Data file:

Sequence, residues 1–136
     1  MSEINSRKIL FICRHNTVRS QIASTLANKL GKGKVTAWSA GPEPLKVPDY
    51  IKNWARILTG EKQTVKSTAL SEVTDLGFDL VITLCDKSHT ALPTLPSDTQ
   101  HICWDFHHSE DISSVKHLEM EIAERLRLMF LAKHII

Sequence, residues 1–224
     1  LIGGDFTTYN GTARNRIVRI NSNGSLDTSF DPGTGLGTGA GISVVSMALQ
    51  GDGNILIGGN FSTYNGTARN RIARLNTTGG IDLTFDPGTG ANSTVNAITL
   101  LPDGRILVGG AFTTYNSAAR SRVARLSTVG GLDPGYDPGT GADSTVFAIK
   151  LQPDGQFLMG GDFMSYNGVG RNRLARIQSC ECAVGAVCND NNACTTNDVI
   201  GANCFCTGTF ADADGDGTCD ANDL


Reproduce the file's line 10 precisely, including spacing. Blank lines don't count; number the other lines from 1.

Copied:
   201  GANCFCTGTF ADADGDGTCD ANDL